“[Marc] really became a wonderful friend and mentor to me and seeing unbelievable artists at work [on “I Saw the Light”], the relationships that came from that film – that was our first bigger movie for Bron,” enthuses Gilbert. “We hadn’t really done a film of that size before, both production-wise and production value-wise. We’ve made films since then [of that size] and have others in the queue for this coming year, but I could point back to that movie as where Bron 2.0 started.”
Considering what Bron has already accomplished, it’s hard to fathom what’s next. 2016 began for Bron with the triumphant bow of “The Birth of a Nation” at Sundance, where the film earned prolonged standing ovations and became the biggest sale in the history of the festival, and though controversy would ensnare its driving creative force Parker shortly before its October release, Gilbert remains proud of the film and calls its Park City premiere “one of the best nights of my professional life.” He also put his weight behind such provocations as the Patricia Rozema’s post-apocalyptic thriller “Into the Forest” with Evan Rachel Wood and Ellen Page and Bobby Miller’s raucous comedy “The Master Cleanse.” 2017 will bring new films from Miguel Arteta, reteaming with “Chuck and Buck” writer Mike White, for the Sundance-bound comedy “Beatriz at Dinner” with Salma Hayek and John Lithgow, and Jason Reitman, who reunited the creative team behind “Young Adult,” including writer Diablo Cody and Charlie Theron, for “Tully,” as well as “Monster,” an adaptation of the Walter Dean Myers novel that will serve as the feature debut of acclaimed music video director Anthony Mandler.
“We’ve been lucky that a lot of people have sought us out, which is exciting for me,” says Gilbert. “It’s one thing when you’re first getting started and you’re making all the phone calls and you’re trying to find the projects and the deals, [but it’s another] when people are calling, wanting to work with us because they like the films that we’re making, they like how we’re making them and our reputation is strong.”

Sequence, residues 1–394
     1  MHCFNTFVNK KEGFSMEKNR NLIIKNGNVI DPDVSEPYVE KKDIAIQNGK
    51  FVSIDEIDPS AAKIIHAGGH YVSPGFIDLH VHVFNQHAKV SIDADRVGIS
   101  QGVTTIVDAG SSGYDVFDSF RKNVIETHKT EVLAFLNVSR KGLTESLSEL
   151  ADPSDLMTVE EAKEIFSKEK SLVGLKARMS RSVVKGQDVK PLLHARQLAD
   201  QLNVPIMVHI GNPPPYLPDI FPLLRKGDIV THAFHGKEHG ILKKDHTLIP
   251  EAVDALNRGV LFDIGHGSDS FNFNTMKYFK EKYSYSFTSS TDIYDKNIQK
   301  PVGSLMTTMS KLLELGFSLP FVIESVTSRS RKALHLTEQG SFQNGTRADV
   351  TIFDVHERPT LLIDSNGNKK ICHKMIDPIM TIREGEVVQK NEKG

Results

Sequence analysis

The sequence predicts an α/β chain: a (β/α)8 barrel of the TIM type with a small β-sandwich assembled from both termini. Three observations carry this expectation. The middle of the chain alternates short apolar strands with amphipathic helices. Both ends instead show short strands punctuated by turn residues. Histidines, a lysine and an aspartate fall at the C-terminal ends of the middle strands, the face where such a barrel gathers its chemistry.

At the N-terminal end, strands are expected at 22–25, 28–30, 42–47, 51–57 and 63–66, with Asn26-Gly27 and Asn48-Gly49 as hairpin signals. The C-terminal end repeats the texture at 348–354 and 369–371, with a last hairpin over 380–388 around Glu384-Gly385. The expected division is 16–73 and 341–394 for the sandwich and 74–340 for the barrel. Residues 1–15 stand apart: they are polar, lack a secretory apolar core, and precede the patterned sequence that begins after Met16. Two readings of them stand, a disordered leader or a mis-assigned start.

Bron has steadily grown its operations to match the demand, now employing 150 people spread across a number of different departments. Although Gilbert insists Bron will continue to get involved in intriguing productions that they don’t package themselves, he’s “excited as heck” about the work being done by a development team of five to cultivate more projects in house. On the day we spoke in early December, production wrapped on “Parallel,” the first film from The Realm, Bron’s newly created genre arm, led by Bron execs Garrick Dion and Matthias Mellinghaus, that is targeting the release of three to five sci-fi and horror films per year. And while the long process of animation has meant delayed gratification as far as Gilbert’s first love, 2017 will see the release of Bron’s long-awaited first animated feature “Henchmen,” a comedy about the low-level employees of criminal masterminds with a voice cast featuring James Marsden, Rosario Dawson, Alfred Molina and Jane Krakowski.
“I love the power of animation and I love what it could be if you do your job right,” says Gilbert. “You can create a franchise and create characters people love and can live on in multiple mediums for a very, very long time.”
Already, Bron is making the kinds of films that have staying power, something that Gilbert has witnessed time and again as he’s become a regular presence on the festival circuit. With films that often push the envelope, he rarely will know how an audience will receive them, but comes away each time humbled by the experience.
“Every film we make is a business unto itself and is almost like a living and breathing thing because you put so much energy into them over such a long period of time,” says Gilbert. “There’s an emotional connectivity – sometimes more, sometimes less, depending on the movie – to every one, so once you finally see it in a public setting [with] people reacting to it – hopefully positively – that’s an incredible thing.”
And still, with Bron pictures, it’s usually the audience that’s left in awe.